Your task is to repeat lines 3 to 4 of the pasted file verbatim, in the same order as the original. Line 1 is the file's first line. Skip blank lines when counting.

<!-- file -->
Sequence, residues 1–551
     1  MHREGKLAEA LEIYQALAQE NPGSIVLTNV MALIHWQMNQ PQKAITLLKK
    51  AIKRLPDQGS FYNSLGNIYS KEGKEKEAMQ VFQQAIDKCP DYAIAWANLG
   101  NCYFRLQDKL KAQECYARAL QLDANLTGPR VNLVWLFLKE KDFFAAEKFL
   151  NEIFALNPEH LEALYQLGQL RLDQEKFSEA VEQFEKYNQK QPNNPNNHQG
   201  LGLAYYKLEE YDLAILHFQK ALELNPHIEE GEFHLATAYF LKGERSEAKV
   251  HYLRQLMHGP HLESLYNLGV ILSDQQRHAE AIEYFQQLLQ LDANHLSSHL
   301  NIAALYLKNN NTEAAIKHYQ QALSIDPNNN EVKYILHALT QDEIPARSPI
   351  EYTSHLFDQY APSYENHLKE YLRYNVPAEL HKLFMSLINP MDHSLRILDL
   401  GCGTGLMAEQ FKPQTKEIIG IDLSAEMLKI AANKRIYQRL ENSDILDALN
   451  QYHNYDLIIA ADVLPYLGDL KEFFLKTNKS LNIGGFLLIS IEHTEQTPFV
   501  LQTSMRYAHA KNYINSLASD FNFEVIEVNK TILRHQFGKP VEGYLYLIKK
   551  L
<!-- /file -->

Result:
    51  AIKRLPDQGS FYNSLGNIYS KEGKEKEAMQ VFQQAIDKCP DYAIAWANLG
   101  NCYFRLQDKL KAQECYARAL QLDANLTGPR VNLVWLFLKE KDFFAAEKFL